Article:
Award-winning television journalist Liz Jackson is no stranger to making incisive reports, but this film was new territory. Jackson had the role of both subject and storyteller in this account of her descent into Parkinson’s disease. Made by three close friends and co-directors – Jackson, her husband Martin Butler and director of photography Bentley Dean – A Sense of Self is built on a foundation of trust that allowed for a truly raw, intimate and compelling documentary about degenerative disease and its effects on a family. It’s fearless reporting, with heartbreak and humour, and touched a nerve with more than a million Australians.
Sarah Ferguson, Nial Fulton and Ivan O’Mahoney
Hitting Home went beyond an excellent news/current affairs story. It both exploited the momentum at the time of broadcast around domestic violence and propelled the issue much further, engaging viewers in complexities of gender control and violence, viscerally confronting male perpetrators and showing impact on families. It revealed compassionately that domestic violence affects all classes of women. A powerful window into a national crisis and a call to arms.
Only the Dead
Only the Dead is Australian correspondent Michael Ware’s documentary retrospective of seven years, beginning with the “Coalition of the Willing’s” invasion of Iraq in 2003. It records the birth of the Islamic State in 2003, reveals a US war crime committed by soldiers in 2007, and takes you to the front lines of the conflict’s greatest battles. The film also crosses over to the other side, to insurgent training camps and attacks against US forces. Ware’s work as a frontline reporter resulted in his extraordinary access to the creator of IS, Abu Mousab al Zarqawi, and IS’s videoed atrocities of suicide bombings in Baghdad and the first of its ritualised beheadings.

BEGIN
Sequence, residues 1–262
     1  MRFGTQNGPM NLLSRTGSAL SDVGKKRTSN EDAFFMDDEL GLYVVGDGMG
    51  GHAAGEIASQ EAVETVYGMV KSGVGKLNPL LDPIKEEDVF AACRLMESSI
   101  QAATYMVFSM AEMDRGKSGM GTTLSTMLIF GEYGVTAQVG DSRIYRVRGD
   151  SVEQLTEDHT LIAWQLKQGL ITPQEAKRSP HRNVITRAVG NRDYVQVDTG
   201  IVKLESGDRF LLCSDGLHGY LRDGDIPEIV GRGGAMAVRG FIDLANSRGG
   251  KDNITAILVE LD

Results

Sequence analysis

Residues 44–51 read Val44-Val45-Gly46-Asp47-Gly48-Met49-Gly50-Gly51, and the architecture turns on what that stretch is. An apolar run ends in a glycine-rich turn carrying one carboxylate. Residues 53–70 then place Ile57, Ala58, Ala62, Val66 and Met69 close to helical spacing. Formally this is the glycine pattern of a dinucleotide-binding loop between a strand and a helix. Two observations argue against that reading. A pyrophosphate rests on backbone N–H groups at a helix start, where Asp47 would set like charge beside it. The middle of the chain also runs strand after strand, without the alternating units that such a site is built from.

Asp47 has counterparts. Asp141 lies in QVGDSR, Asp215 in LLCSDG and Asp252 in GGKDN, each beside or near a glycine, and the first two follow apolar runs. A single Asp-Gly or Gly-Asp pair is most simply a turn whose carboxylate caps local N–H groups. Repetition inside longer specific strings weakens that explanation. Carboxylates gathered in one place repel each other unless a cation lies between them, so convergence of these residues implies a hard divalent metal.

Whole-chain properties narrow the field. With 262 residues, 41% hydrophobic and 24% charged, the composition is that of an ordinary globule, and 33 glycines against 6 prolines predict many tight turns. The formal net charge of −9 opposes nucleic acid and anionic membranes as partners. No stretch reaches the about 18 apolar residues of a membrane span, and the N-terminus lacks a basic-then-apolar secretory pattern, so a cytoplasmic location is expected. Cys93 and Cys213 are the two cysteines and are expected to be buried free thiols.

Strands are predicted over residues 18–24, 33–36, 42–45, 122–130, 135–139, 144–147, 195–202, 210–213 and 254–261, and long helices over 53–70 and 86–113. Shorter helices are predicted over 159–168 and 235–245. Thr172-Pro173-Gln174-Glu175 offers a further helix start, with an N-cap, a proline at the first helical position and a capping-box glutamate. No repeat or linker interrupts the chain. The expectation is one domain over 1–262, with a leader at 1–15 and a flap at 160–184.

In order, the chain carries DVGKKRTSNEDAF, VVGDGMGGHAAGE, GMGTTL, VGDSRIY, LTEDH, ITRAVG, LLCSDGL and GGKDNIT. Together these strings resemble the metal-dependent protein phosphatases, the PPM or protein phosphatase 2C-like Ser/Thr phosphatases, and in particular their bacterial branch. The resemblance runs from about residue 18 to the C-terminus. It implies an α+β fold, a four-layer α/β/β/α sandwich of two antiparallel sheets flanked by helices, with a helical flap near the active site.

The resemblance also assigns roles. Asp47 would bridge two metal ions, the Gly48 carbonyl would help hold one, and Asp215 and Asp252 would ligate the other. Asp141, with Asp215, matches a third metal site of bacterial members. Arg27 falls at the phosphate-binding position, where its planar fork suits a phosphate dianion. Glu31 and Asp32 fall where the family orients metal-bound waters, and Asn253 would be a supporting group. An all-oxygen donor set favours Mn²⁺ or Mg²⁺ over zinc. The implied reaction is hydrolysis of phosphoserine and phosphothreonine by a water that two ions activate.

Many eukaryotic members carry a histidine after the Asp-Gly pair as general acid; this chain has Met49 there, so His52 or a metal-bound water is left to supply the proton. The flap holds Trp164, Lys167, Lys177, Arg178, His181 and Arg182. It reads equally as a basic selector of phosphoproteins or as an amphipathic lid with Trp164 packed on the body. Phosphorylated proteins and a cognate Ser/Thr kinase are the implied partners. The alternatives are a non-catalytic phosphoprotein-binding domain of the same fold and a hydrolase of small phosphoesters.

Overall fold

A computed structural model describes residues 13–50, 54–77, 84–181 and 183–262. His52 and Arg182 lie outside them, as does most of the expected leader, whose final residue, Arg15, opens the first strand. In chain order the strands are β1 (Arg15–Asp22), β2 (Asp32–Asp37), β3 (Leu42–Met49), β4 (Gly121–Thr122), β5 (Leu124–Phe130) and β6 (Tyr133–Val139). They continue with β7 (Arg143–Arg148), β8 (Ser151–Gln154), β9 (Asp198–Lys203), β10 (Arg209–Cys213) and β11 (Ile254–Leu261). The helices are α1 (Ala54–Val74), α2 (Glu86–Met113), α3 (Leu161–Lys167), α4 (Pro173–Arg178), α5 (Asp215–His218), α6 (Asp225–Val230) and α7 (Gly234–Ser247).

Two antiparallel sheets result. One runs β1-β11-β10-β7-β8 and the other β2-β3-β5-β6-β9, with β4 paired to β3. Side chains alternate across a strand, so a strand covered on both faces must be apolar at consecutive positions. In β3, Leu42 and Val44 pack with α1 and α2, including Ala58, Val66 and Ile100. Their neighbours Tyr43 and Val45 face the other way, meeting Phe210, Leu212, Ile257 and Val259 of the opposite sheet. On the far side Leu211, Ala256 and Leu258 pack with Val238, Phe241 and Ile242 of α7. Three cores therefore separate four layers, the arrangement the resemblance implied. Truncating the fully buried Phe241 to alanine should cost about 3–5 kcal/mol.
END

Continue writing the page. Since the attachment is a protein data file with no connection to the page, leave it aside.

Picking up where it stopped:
Code of Silence
Dan Goldberg and Danny Ben-Moshe
Code of Silence is the story of a fight for an investigation into allegations of child sex abuse at an Orthodox Jewish boys’ school in Melbourne. As the case against the abusers continues to make news, the documentary is timely and groundbreaking. Danny Ben-Moshe and Dan Goldberg followed the story for a year from July 2013, the only TV crew to gain access to courtrooms. Manny Waks, the former pupil of the boys’ school who blew the whistle on the rabbis he claimed covered up abuse, left his religion as a result of his abuse, and his orthodox father was shut out by his community. Waks’ perpetrator was jailed, but Waks hopes a royal commission may yet bring to account the rabbis he alleged covered up the abuse.
Martin Butler and Bentley Dean, Contact Films / ABC TV